My life in outer space


Please be warned that this blog may contain spoilers. My aim is not to just provide a review of selected works, but to place them within a context relating to other works and authors, which may in some cases mean giving away some of the plot.

I discovered Science Fiction via 1950s B movies at a very tender age, and upgraded to literature when I was about 11. I have been addicted to SF ever since.
The literary SF is a very different beast to that of film or TV, which generally lags thirty years behind what is going on in short stories and novels. One would have thought, with the advent of CGI, that intelligent SF movies would finally be produced. Of course, it does not require CGI for intelligent SF to be produced on the screen. Some intelligent SF has of course been produced for cinema and TV, but sadly, very little of it.
Fans of SciFi, as opposed to SF, are far more interested in the romantic relationships between their heroes than the science.
That’s fine, so far as it goes, but these series tend to be romantic dramas with a futuristic setting.
I think it was David Pringle that said (and apologies if I am misrepresenting him) that long running SciFi series tend to devolve into soaps. This was most apparent in ‘Star Trek – Voyager’ where the romantic entanglements of the crew (which became somewhat ludicrous at times) became more important than the SF elements of the storyline. Meaningless technobabble was slotted into the scripts, usually involving ‘anomalies’ or ‘polarities’ in vague connected strings, to cover up the lack of any discernible science.
And yes, we still have this in SF literature, but I feel that there are many authors pushing the boundaries and putting out a quality product, as there have been for well over a hundred years. I’m hoping to introduce people to some of this history and maybe reintroduce those just as, if not more, familiar with this wonderful legacy than am I.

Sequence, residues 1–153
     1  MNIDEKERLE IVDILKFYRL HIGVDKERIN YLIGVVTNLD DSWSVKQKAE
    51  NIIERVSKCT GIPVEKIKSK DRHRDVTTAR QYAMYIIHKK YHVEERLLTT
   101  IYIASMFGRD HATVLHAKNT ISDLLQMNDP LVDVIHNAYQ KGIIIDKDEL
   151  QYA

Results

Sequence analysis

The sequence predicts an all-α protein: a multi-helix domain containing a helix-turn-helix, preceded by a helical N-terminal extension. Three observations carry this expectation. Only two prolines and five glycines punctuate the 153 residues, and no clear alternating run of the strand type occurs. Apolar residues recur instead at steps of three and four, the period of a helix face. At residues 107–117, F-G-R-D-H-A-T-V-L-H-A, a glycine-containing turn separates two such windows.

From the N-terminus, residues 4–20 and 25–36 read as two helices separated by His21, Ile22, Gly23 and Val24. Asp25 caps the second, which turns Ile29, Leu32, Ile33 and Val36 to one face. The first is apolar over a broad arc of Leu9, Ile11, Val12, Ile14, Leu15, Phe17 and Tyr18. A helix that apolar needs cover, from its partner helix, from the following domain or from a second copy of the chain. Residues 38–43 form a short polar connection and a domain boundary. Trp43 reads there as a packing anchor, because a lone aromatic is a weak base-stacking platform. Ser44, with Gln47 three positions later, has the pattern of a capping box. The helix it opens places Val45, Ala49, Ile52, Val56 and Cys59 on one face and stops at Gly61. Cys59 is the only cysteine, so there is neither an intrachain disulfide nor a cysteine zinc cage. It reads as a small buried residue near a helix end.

Roddy Williams

4 responses

  1. Hi Roddy,

    Just to say that I have linked to your blog and publicised it: SFF Blog Links

    Keep up the good work!


    December 12, 2014 at 4:34 pm

  2. Roddy – Thanks for the site! Lots of good stuff here.

    Here’s something that might be of interest to you and your readers:

    I hope you get a chance to take a look, and your feedback would be welcome

    David Ritter
    Cambridge, MA

    January 3, 2015 at 5:50 pm

  3. Pete Young

    Hi Roddy,

    My apologies for leaving a message here, however I can’t find an e-mail address for you.

    I’m putting together a couple of high-quality PDF fanzines on British space opera, and my plan is for each decade since the 1930s to have a variety of commentary and reviews on books from readers and authors. I’m probably going to press in Spring 2016.

    I particularly like your review of Brunner’s ‘The Psionic Menace’, and it’s exactly the kind of thing I’m after. May I have your permission to reproduce it alongside the book (with full attribution, of course, and links back to your website)? This is for a freely distributed fanzine, so I will not be profiting from its use.

    My background: I’m a two-time winner of the UK’s Nova Award for the SF fanzine Zoo Nation, and also a frequent guest editor of the Hugo-winning fanzine Journey Planet. I also edit the fanzines ‘The White Notebooks’ and ‘Big Sky’ (possibly the first SF fanzines from Thailand), and these space opera fanzines will be part of the run of Big Sky. You can see previous issues at, where it’s available for free download.

    Look forward to hearing from you!

    Kind regards,

    Pete Young
    Hua Hin, Thailand / Reading, England

    November 17, 2015 at 6:30 am

    • Yes certainly. Apologies if i haven’t responded before.

      February 11, 2016 at 10:19 pm

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